Women's Divorce Blog

Life After Divorce?

The hurt and disruption caused by a divorce can make you question whether there can be life after divorce. How can I pick up the pieces and how good will the quality of life be after a divorce?

Coparenting and Childhood Accidents

  • Establish a plan before the crisis hits
  • Arrange contact numbers
  • Keep emergency numbers and first aid kit handy
  • Take child CPR classes

Establish a plan before the crisis hits

  • Share information on allergies and other medical history and even write it down and carry it with you. You can obtain a summary from your child's pediatrician if necessary
  • If there is an accident at daycare or school, who will respond? You may decide on the parent nearest the school or a relative who is nearby if both of you are some distance away at work
  • Know where the nearest hospital is if you need to drive there. During an emergency is not the time to be trying to find driving directions or getting lost

 

Arrange contact numbers

Cell phones are invaluable. Swap cell phone numbers and state whether they should be used only for emergencies or whether it is OK to use at other times. Respect the agreement. Have a backup contact number or person. If you can't be reached by cell phone e.g. in a meeting, have a designated person that can be reached who can come let you know what is going on. Call the other parent as soon as you possibly can. If you cannot make the call, ask someone else such as a nurse, coworker or neighbor to call your ex.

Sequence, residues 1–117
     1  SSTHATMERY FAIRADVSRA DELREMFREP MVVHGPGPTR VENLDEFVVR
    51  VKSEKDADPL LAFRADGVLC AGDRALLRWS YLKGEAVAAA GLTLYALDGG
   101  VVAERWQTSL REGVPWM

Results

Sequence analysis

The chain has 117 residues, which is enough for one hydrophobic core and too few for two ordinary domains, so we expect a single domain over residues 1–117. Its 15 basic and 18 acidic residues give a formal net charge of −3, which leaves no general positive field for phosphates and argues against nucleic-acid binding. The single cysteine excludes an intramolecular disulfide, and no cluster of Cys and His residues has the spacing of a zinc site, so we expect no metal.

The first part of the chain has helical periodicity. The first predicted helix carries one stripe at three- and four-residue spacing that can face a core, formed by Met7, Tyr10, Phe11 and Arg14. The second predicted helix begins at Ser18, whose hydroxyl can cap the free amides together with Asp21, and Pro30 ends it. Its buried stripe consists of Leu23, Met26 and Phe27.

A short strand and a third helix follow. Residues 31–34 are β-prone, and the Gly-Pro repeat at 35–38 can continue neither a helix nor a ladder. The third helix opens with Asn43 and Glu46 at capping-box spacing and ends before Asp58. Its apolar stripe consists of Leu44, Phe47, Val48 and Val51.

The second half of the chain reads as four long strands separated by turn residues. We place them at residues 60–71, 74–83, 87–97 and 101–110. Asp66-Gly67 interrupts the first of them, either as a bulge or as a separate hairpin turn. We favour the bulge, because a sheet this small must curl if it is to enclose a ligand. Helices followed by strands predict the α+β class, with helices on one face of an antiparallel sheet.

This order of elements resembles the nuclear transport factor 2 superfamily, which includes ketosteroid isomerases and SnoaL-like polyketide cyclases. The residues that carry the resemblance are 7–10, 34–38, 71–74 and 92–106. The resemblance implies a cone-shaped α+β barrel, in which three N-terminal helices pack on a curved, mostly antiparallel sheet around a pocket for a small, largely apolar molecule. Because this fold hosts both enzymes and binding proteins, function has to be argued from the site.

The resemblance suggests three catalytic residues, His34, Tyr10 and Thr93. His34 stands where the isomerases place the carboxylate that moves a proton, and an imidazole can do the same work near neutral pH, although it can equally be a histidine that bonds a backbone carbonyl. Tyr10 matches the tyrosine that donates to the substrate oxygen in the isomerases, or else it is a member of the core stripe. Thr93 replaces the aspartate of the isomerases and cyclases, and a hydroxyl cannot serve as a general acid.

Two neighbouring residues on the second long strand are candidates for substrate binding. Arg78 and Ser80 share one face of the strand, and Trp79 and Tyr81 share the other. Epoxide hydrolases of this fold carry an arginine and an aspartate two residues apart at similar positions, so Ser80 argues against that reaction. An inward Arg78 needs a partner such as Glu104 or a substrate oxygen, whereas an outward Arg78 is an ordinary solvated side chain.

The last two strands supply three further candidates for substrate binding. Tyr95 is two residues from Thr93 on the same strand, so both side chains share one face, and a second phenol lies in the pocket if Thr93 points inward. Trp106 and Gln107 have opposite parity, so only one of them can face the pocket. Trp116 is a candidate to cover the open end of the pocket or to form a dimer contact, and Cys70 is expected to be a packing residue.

Joint legal custody

Understand whether you have the power to make major medical decisions by yourself. If in doubt, check with your attorney. Joint legal custody usually means that major medical decisions should be made together with the other parent. If an emergency decision has to be made, try to contact the other parent if they are not present. At all times though, the health of your child comes first and there may be circumstances especially in an emergency where you have to make a decision by yourself.

Emergency numbers 

Keep a list of emergency numbers with you. This should include the other parent's emergency contact numbers, your child's doctors number and poison control number at a minimum. Remember storing these on a cellphone is a good idea but you should also keep a written list with you in case you forget your cellphone or the battery is not charged.

First Aid

  • Past advice was to keep a bottle of ipecac syrup at home. Only use this if directed to by the poison control center or a doctor. Going to the emergency room and use of activated charcoal or other methods is often preferred
  • Keep a first aid kit in the house and in your car
  • Take infant and child CPR classes. Methods used for infants and children differ from those used for adults. These classes as well as first aid classes are often available at your local hospital

Blame

Do not try to verbally blame the other parent for the accident even if they were responsible. It is a natural instinct but make your child your priority and deal with any issue after your child is safe. Do not discuss this anywhere near them as they have enough to deal with recovering from the accident. Criticizing or blaming the other parent will just upset them.

Travel

If you are going to be traveling whether with your child or not, provide the other parent with an emergency number and an address. The address is important if you cannot be reached by phone.

Medical Expenses

Hopefully your divorce agreement has outlined how medical expenses will be handled including how health insurance is worked. Make sure you fulfill any requirements that your insurance company may have set e.g. notifying them of hospitalization with a set time period.
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